Economic zones can be powerful drivers of economic growth in developing countries. However, less is known about their distributional impact on the local society. This paper provides empirical evidence from Indonesian provinces on the relationship between economic zones and within-province income inequality. Estimates from panel regressions and synthetic control case studies suggest that this relationship is positive overall. The estimated rise in income inequality after a zone opens is relatively small on average and may be short-lived. However, the average estimate masks large regional differences, which suggests that the inequality implications of economic zone policies depend on local conditions. One explanation for the rise in inequality is that the unskilled population benefits disproportionately less from the policy. As a remedy, we propose education and training programs that target the poor and unskilled and in which companies also actively participate.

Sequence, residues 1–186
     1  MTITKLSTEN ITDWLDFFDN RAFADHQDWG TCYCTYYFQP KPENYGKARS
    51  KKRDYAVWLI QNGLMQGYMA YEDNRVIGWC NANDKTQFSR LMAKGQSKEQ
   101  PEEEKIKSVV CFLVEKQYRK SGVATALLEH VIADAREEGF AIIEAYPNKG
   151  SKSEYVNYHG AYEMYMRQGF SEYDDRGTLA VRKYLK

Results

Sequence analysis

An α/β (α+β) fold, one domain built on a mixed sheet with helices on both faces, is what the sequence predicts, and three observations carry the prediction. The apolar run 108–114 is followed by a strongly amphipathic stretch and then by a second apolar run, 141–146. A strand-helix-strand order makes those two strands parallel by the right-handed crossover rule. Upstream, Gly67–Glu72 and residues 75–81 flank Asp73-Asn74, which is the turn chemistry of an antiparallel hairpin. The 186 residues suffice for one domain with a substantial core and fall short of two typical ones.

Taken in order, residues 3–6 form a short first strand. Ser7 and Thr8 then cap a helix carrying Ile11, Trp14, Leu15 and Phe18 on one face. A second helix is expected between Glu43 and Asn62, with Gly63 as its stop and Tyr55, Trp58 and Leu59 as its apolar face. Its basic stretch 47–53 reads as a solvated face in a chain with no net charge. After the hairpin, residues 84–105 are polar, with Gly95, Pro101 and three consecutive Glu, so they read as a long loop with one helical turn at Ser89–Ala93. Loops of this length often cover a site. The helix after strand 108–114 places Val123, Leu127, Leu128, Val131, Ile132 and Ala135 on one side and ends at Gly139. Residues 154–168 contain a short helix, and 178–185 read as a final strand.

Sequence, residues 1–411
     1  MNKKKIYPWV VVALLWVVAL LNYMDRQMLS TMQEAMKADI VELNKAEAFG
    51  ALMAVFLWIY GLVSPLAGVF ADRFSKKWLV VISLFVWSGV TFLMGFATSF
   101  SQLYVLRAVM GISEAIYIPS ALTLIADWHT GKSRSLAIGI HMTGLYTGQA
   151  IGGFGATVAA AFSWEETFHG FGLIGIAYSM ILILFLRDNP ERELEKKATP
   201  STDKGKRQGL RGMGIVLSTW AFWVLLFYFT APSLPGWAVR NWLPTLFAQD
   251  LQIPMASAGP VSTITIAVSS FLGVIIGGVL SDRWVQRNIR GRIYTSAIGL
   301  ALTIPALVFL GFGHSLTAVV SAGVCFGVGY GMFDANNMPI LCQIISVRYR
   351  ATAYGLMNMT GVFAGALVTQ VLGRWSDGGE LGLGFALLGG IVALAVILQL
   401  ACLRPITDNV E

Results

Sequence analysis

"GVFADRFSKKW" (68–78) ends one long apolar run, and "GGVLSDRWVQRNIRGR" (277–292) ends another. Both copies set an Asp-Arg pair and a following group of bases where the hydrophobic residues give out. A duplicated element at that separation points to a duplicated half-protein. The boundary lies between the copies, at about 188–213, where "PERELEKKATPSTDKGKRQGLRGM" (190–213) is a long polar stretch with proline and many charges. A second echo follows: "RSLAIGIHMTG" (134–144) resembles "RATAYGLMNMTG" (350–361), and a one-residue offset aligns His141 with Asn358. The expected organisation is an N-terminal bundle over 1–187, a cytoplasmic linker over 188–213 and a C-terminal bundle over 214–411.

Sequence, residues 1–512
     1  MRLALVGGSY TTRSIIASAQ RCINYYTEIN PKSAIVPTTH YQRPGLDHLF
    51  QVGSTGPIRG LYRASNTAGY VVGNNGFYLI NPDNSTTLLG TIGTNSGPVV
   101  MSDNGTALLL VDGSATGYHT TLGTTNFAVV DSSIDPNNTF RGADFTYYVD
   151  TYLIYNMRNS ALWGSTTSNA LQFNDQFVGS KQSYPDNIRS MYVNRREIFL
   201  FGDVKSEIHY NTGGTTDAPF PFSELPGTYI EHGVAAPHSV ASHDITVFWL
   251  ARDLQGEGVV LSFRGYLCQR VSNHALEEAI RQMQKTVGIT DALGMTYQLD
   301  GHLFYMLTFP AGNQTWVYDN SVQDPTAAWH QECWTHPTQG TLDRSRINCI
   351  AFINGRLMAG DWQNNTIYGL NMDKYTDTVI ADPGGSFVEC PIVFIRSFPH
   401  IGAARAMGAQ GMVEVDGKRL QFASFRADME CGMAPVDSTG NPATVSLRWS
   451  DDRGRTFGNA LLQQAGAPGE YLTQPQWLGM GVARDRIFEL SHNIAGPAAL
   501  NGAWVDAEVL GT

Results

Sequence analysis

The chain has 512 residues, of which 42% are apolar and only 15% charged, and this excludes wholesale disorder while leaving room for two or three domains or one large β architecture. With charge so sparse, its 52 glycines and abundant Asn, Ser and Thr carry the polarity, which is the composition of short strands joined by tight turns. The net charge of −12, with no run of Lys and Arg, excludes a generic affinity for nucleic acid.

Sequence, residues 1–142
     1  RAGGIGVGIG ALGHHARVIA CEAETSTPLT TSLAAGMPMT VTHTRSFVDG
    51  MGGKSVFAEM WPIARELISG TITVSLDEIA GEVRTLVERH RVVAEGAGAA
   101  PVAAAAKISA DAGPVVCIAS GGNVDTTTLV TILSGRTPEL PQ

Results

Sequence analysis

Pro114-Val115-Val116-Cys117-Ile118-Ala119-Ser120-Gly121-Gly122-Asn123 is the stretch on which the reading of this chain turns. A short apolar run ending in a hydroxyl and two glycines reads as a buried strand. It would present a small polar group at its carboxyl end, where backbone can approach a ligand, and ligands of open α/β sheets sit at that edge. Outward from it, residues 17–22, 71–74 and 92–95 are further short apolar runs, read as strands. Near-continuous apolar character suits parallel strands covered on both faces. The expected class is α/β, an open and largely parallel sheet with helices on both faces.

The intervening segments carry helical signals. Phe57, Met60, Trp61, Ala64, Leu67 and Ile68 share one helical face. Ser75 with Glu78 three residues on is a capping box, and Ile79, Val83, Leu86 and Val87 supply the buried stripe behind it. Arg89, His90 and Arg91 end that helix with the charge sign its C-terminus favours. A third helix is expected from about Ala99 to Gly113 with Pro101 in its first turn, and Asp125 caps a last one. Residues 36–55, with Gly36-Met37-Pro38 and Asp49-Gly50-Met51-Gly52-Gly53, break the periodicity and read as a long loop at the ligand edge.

|Name||Kiel Working Paper|
|Herausgeber (Verlag)||Kiel Institute for the World Economy|